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1. Indian Council Caves Trail: A 6-mile moderate trail that leads to a series of caves and rock formations, offering beautiful views of the forest.

2. Tunxis Mainline Trail: This is an extensive 40 miles long trail running north-south through the entire length of the state forest with varying difficulty levels.

3. Yellow Dot Loop Trail: An easy-to-moderate looped hiking path spanning about three miles; it's perfect for beginners or those looking for shorter hikes in nature.

4. Perry's Lookout via Blue-Blazed Metacomet-Monadnock (M&M)Trail: It offers stunning panoramic views from atop cliffs after a moderately challenging hike up steep inclines over approximately four miles round trip.

5. Tunxis White Dot & Red Trails: These are two separate trails but often hiked together as they intersect at several points providing varied terrain including rocky outcrops, dense woodland and small streams across roughly five mile stretch each.

6. Turkey Vultures Ledge Hike: A short yet rewarding one:mile trek leading to Turkey Vultures ledge which provides breathtaking vistas overlooking Barkhamsted Reservoir.

7. Mile Of Ledges And Tory Den Via The Tunxis Purple Blaze: This adventurous six mile route takes you along narrow ledges requiring some scrambling skills before reaching historic Tory den site used during Revolutionary war times.

8. Barkhamsted Hollow Tree Loop: A relatively flat family:friendly walk around scenic reservoir area covering just under two miles.

9. Enders State Forest Falls Walk: A less than half-a-mile stroll suitable even for toddlers taking visitors right upto picturesque waterfalls within Enders section of larger Tunxis Forest.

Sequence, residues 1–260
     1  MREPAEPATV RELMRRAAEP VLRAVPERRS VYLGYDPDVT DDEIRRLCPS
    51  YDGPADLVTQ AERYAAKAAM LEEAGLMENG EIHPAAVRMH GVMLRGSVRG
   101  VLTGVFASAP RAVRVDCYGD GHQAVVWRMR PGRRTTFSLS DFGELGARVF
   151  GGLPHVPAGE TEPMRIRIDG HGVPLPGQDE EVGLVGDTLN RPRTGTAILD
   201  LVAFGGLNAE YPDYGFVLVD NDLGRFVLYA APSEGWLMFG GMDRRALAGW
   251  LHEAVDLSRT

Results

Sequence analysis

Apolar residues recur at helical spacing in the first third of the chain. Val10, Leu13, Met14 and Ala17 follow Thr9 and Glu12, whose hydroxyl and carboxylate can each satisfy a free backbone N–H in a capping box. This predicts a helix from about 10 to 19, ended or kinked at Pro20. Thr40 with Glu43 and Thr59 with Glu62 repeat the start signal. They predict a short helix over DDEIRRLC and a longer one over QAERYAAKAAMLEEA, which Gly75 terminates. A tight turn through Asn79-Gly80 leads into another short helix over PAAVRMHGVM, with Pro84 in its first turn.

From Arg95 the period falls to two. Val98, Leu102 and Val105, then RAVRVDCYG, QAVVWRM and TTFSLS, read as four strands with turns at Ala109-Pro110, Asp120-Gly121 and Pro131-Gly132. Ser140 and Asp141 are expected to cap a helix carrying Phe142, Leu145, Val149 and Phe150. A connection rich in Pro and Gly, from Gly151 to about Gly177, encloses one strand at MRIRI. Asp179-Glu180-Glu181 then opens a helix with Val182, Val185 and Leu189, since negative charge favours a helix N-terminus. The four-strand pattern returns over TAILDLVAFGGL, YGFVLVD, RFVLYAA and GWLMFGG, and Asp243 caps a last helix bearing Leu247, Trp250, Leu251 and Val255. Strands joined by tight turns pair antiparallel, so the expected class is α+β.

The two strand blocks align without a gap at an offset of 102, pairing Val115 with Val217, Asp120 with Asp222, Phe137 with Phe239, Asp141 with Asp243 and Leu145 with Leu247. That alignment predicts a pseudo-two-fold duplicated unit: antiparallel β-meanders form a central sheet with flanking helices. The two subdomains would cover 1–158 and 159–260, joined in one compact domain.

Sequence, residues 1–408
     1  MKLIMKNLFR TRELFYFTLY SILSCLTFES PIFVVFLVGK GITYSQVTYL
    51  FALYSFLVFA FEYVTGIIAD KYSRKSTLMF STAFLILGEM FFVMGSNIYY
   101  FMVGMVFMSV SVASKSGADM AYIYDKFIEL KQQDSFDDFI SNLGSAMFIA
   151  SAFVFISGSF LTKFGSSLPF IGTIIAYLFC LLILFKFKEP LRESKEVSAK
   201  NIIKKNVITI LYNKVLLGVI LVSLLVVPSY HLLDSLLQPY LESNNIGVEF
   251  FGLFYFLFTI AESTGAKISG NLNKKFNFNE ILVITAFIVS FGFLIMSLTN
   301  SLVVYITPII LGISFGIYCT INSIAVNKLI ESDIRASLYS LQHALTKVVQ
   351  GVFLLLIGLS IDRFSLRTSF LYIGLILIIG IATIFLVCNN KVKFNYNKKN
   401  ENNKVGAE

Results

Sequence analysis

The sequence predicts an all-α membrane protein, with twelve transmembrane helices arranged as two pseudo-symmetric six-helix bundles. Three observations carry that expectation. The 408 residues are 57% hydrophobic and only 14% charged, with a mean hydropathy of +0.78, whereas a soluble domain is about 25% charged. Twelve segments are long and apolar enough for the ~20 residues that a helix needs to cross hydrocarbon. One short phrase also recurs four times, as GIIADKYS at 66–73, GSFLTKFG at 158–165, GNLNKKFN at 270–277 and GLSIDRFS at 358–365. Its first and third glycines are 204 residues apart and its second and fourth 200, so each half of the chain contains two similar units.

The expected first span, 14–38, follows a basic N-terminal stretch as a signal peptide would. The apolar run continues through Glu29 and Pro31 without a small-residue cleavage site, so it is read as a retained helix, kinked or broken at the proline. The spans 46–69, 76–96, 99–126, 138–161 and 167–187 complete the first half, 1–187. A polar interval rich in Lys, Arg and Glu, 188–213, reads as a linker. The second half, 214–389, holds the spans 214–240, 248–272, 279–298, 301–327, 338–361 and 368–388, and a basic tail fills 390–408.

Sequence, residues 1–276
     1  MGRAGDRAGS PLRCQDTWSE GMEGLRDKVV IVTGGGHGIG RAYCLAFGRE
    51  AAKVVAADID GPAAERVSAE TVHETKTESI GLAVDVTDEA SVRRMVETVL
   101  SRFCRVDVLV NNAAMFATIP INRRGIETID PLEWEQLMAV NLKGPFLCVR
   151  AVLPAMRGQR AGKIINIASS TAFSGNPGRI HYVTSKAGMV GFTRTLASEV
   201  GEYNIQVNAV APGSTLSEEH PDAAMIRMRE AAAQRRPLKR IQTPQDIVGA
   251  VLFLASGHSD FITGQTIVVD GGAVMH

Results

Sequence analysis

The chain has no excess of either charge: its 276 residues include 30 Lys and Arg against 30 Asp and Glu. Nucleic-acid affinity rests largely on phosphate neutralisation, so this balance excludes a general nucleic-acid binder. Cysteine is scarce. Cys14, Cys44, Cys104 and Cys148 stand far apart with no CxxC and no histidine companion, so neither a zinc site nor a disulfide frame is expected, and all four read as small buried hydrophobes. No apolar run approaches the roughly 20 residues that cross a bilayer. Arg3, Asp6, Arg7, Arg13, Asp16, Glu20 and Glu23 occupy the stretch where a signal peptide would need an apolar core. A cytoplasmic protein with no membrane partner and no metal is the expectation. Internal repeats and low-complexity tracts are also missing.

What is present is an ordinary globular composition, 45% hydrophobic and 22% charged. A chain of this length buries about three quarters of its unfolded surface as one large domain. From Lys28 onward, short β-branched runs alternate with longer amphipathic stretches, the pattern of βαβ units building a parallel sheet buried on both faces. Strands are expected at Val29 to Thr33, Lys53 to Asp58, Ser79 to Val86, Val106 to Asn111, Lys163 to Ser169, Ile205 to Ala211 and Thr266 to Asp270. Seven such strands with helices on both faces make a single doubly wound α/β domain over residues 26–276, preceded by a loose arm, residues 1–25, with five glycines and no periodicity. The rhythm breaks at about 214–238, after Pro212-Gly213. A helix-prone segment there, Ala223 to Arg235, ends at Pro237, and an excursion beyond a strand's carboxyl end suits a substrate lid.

10. Pine Mountain Reserve Path: An offshoot from mainline tunixis this rugged uphill climb rewards hikers with sweeping valley view stretching all way till Massachusetts border.

Visitor Comments, Memories and Reviews
February 21 most remote and peaceful place in ct by big al
park review stars; one to five beautiful woods, peace and quiet, great place to hike,never know what you might see, bear, deer,moose(yes moose),if theres any mountain lions in Connecticut this is the place
May 15 Wonderful park by N. Hines
park review stars; one to five Nice hiking trails and not crowded. Heavily forested area with absolutely beautiful scenery and little traffic getting to park. Falls Brook trail is a nice, moderate, 2 mile hike along a steam and a nice waterfall. Our favorite!
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Area Campgrounds
White Pines Campground
232 Old North Road
Barkhamsted, CT

1. Start by heading onto CT:4 W from Farmington Ave/CT-10 S.
2. Continue on CT:4 W for approximately 7 miles until you reach the town of Burlington.
3. In Burlington, turn left onto Punch Brook Rd and continue straight for about 0.6 miles.
4. Take a slight right onto Hartland Rd and drive for another mile or so.
5. Turn left onto Newgate Road (also known as Route 219) and stay on this road for around 8 miles until you reach Barkhamsted Reservoir Dam No #9 parking area entrance.

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Connecticut State Parks